The payment processing arena has shifted significantly of late, driven by demand for more intuitive, efficient, seamless and modern capabilities among retailers, restaurants and others. One of the major trends in the market has been the birth and rapid coming-of-age within mobile point of sale, as consumers and corporate purchasers alike are showing their willingness and desires to use tablets, smartphones and other gadgets to complete transactions.
As a note, companies that do not embrace this trend will likely run into issues somewhere down the line, specifically with respect to consumer engagement and loyalty, with so many customers expecting to be able to use their preferred method of payment. A new report illustrated just how prolific mobile sales have already become, as well as what is to come in the next few years by way of growth, diversification and adoption among commercial firms.
The Federal Reserve’s Board of Governors recently released its Consumers and Mobile Financial Services 2015 report, which analyzed some of the findings that broke through in surveys distributed last year. First and foremost, the study revealed that smartphone adoption among consumers has skyrocketed, with 87 percent of adults in the United States owning a mobile phone, and 71 percent of those being smart devices. As a note, that latter figure was 61 percent last year.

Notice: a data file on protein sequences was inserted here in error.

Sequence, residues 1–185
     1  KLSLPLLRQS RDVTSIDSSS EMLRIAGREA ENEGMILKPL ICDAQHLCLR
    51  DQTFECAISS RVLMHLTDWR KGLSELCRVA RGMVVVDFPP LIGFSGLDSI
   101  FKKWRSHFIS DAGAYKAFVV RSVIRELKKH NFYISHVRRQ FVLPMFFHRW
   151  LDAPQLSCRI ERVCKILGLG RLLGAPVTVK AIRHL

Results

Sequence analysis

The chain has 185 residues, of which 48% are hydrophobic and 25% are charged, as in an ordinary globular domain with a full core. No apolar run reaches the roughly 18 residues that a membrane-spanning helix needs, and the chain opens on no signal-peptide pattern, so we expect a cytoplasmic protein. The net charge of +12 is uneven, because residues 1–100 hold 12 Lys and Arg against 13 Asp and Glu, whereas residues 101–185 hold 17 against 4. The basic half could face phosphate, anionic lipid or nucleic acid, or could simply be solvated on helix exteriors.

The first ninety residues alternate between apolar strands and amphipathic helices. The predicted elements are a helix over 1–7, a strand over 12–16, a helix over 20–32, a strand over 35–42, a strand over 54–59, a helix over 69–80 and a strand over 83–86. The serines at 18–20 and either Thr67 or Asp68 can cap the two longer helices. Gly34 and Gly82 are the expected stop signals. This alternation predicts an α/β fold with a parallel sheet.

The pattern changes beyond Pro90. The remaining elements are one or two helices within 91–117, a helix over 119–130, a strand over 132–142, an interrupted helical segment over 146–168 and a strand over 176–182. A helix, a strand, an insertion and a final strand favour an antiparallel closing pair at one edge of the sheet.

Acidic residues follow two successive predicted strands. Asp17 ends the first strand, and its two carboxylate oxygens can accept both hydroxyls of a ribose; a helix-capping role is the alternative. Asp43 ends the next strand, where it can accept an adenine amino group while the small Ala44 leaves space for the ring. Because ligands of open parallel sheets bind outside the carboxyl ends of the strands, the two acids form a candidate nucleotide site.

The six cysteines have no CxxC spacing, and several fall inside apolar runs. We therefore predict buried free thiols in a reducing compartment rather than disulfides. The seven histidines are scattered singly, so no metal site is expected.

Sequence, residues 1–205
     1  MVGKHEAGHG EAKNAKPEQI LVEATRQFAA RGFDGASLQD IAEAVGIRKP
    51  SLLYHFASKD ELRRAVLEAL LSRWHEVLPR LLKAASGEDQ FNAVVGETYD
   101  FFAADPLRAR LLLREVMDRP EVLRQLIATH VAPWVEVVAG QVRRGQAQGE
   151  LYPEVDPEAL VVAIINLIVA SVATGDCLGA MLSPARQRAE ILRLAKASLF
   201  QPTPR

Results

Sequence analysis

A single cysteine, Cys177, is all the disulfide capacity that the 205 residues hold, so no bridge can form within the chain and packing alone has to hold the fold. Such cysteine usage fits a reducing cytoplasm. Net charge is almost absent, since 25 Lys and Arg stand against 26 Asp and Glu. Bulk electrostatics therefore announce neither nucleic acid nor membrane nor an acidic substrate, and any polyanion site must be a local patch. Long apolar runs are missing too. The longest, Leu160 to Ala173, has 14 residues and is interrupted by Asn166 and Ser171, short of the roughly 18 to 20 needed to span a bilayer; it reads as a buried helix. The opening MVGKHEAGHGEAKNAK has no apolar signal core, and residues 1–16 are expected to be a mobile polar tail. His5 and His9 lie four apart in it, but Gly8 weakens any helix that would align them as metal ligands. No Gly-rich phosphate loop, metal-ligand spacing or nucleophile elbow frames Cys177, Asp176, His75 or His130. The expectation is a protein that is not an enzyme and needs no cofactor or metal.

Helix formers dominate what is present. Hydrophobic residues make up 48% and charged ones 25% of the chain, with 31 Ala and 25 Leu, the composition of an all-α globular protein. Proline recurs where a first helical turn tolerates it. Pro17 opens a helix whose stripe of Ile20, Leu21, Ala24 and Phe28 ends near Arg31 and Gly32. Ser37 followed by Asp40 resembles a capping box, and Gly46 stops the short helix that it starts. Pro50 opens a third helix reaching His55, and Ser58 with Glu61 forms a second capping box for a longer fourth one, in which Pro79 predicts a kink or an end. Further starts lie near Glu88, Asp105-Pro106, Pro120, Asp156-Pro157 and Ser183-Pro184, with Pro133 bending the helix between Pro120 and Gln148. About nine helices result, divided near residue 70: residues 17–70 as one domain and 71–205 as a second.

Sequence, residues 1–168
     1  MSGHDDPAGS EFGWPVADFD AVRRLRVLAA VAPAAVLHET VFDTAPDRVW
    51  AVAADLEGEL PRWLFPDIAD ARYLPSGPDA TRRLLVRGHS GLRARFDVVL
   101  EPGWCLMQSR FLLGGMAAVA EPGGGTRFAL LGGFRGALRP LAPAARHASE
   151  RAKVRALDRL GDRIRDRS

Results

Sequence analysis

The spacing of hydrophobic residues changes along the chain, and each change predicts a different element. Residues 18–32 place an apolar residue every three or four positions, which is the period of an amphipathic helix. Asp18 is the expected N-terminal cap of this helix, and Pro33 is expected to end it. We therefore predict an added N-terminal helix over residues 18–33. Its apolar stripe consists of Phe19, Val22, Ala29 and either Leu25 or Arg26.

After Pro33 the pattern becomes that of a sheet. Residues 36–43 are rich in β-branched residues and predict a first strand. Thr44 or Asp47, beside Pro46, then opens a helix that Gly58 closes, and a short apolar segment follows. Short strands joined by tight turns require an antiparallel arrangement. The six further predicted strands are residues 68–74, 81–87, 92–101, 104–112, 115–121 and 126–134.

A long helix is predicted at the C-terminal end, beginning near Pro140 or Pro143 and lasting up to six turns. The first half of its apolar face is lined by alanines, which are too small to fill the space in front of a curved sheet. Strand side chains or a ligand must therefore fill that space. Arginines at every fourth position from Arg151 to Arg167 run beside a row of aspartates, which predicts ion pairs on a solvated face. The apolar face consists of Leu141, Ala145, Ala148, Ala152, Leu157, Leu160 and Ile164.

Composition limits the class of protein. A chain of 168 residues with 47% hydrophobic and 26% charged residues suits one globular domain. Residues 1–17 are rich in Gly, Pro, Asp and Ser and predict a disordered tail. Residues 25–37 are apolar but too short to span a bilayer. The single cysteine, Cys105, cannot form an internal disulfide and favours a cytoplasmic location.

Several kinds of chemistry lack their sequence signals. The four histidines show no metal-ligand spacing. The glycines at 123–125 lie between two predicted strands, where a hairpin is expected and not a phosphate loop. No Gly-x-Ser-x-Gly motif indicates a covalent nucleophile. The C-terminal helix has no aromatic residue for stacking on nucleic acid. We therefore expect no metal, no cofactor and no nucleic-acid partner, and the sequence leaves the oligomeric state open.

Although many experts and analysts predicted it would take a long time for consumers to really begin using mPOS features when conducting transactions, the Fed’s research found that 39 percent of all mobile phone owners used their device for banking, and 22 percent have already used them to make a payment at the point of sale. Looking at the broader context, 15 percent stated that they conducted a transaction with their smartphone in 2012, 17 percent did so in 2013 and the 22 percent came in last year, showing a slight acceleration of adoption.
As a note, the Fed also dug into behaviors when using mPOS capabilities, and found that QR codes were among the most common methods, while non-tap applications were not far behind. Among only smartphone users rather than all owners of mobile, 28 percent have used their device to complete a transaction in the last year.
Finally, one interesting note, unbanked and underbanked consumers are indeed beginning to get on board with mobile payment processing and banking, which aligns with a prediction the Fed made years ago regarding the merits of these capabilities.
“It’s time to get moving on mobile payment processing.”
Time to move
Now, there are plenty of retailers that have not yet jumped on the mPOS bandwagon, perhaps waiting to see if the trend actually gained traction and not wanting to get too far ahead of themselves. With this latest research and plenty more like it, though, it should be clear that this is less of an option and more of a requirement when conducting business in the modern era, and certainly even more so a couple years down the road.
The time is now to get moving on mobile payment processing capabilities.